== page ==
Today in our bible study of Ezra, we are faced with an all too familiar circumstance. In order to understand the importance of what is happening in this passage, we must first go back to the time of the exile of Judah and Jerusalem in 597 and 587. It was a brutal time when the people of the southern kingdom were taken away to Babylon. Often, they could take nothing with them, and for some who had been the most resistant, a journey with the muscles of their butt cheeks pinned to one another by large pieces of iron. We can only begin to imagine the terrible time that this was for those who became its victims. Even the real symbol of the people, the Temple, was looted and destroyed, parts of it with important articles of faith and its practice destroyed. Then, to add insult to injury, the Babylonians took the temple treasures that they had carried off and placed them in their own temple to their god Marduk as a constant reminder that Marduk was more powerful than YHWH, the God of Israel. YHWH is unpronounceable and if it could be pronounced, it is a name too holy to be spoken. It is interpreted in the Bible as LORD. During this time in captivity, it was the prophet Jeremiah who worked to remind the people that the LORD had not forgotten them, and that in the future, (70 years) they would return to rebuild the Temple and Jerusalem. Though there would be few, if any, who had ever been in the homeland, the traditions were carried by the people, and during the exile the religious leaders that are called Pharisees came into existence. If the people had any doubt the LORD had abandoned them, this passage is an indication that the LORD'S Hand had been involved from the very moment of their arrival in what had become Persia with a new ruler named Cyrus. Cyrus certainly would have been unlikely to send the Jews home, yet through what we must see as the action of the LORD, Cyrus would do exactly that, and not only that, but he would empty the Jewish Temple treasures out of Marduk's temple where they had been safe and return them to be taken back to the second Temple that would be built in Jerusalem.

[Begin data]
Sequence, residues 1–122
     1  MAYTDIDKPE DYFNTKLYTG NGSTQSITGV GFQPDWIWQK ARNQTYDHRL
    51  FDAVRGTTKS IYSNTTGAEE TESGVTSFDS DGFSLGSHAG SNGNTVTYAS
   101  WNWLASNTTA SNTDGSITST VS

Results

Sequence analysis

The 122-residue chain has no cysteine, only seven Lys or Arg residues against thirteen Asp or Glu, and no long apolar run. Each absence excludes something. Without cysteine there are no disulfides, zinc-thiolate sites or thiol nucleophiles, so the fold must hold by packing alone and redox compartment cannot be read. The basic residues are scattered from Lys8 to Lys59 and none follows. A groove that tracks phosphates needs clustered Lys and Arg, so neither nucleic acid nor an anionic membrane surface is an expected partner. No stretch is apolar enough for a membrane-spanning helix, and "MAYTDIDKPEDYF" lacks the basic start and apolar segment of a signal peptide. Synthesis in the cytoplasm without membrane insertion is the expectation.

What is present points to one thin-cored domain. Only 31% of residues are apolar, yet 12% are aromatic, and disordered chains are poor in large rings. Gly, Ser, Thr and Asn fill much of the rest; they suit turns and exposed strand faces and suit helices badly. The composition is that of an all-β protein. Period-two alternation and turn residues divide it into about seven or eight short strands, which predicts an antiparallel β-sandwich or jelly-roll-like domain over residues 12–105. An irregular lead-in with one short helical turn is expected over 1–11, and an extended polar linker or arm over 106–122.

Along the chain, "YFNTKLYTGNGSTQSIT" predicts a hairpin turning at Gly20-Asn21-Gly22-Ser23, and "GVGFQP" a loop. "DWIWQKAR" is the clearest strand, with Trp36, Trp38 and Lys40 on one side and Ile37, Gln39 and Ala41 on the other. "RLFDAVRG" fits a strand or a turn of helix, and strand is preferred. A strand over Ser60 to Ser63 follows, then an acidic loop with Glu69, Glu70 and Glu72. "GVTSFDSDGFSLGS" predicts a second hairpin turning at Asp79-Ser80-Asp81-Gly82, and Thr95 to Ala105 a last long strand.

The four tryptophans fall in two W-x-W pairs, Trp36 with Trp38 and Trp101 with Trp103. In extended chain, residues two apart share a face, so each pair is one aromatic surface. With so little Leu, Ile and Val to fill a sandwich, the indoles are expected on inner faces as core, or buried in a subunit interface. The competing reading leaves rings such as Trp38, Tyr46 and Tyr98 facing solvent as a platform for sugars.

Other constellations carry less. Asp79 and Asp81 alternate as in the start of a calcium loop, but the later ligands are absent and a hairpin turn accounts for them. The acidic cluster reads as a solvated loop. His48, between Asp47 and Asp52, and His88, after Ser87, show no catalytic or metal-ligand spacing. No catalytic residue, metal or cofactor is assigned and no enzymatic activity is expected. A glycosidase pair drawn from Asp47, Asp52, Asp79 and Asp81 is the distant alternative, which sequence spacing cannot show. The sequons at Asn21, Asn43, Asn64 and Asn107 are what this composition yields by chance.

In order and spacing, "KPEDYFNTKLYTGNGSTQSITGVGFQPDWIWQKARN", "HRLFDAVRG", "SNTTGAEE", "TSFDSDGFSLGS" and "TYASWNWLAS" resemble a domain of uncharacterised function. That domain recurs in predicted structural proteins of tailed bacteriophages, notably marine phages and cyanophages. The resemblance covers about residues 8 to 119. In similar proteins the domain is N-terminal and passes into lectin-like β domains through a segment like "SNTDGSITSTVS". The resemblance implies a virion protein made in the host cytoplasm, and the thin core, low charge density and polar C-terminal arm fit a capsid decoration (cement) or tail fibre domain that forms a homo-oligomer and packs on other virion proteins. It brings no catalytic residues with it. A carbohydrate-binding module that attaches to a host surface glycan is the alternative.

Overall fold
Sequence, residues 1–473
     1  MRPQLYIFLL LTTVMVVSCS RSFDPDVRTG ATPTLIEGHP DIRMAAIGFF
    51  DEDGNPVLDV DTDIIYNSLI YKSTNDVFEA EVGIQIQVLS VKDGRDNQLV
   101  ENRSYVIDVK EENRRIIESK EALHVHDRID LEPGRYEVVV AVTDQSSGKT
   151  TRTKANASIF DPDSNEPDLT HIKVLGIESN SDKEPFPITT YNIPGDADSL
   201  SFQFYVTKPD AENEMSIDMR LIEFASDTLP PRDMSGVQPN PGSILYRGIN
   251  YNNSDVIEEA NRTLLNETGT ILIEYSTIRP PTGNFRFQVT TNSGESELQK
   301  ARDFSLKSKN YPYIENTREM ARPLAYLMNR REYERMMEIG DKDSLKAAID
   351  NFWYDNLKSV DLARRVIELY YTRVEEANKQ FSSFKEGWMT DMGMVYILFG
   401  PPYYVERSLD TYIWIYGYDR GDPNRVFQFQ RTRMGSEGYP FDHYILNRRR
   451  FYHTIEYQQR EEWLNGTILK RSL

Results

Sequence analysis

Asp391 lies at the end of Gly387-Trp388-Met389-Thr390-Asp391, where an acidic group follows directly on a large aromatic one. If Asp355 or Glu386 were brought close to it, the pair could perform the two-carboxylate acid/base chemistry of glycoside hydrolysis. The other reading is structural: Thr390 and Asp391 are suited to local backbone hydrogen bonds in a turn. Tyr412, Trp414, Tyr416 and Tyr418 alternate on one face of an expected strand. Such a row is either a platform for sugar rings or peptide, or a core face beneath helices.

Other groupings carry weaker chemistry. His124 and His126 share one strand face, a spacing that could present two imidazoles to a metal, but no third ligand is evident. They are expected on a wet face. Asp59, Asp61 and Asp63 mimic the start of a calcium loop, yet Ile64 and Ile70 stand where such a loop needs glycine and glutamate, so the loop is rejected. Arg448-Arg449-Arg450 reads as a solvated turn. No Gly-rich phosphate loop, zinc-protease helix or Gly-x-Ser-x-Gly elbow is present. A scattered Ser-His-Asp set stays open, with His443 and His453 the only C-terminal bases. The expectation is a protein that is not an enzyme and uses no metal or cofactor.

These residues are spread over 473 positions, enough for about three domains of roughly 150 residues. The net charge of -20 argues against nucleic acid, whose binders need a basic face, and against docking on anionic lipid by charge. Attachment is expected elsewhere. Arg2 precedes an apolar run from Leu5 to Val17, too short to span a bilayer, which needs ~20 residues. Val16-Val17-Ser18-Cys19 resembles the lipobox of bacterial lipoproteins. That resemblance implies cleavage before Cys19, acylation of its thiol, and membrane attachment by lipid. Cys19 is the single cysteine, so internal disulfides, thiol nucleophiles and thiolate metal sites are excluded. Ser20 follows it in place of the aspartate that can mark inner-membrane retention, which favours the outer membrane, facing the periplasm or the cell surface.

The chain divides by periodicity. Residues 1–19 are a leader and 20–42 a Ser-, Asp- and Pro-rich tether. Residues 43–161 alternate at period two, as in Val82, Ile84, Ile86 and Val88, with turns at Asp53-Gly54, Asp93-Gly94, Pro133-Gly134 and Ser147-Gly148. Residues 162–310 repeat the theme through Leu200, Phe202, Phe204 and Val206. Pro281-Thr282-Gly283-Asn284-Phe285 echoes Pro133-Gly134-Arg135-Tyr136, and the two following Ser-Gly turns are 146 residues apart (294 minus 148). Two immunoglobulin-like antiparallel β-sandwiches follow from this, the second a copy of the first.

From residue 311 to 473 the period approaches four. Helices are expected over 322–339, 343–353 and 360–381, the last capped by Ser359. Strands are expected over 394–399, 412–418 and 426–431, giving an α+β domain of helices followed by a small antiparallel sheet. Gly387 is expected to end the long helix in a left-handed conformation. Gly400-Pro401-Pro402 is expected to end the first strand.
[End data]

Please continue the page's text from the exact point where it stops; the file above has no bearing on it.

Today, our world experience has shown us how difficult it is to be told that you must evacuate your home for your own safety, or for other unimaginable reasons in our nation, in the face of war. In Gaza we have seen burros carrying large loads of home belongings, and a few pickup trucks too. How could you possibly figure out what would be your greatest treasures in your home that would come with you if you could only fill your car where people would not be sitting? We have enough trouble packing the van for a 7-day trip, but to have to put a whole life's treasures into such a small place, I don't know. But there is more, when you had the opportunity to return, there would be nothing there. You would have to start from nothing again. And how would your church fit into all of that? No place to gather, no instrument led music and singing. How would you move forward to be certain that your family and other families could still be involved with a sense of what had been so holy before its destruction? And then someone would come up with the altar Misal, the Cross from the chancel west wall, and some of the communion ware that was used every week, and greatest of all, the large lectionary Bible. The feelings of desperation would be softened, and perhaps a new vision for how to continue would be reached. In all of this it is important for us to know that the LORD is always involved in what is happening to us, and God knows what it will be that will change our hearts and move them to see His Light and Love once again. The same was true for the Jews in exile.


Our next passage will be Ezra 2:1-67. This is a big passage to consider in one day, so depending on how it goes, we may take several weeks to get through it.


God bless you and keep you. Wherever you go, go with God. (“Vaya con dios” in Spanish)


In Christ's love, Pastor Taylor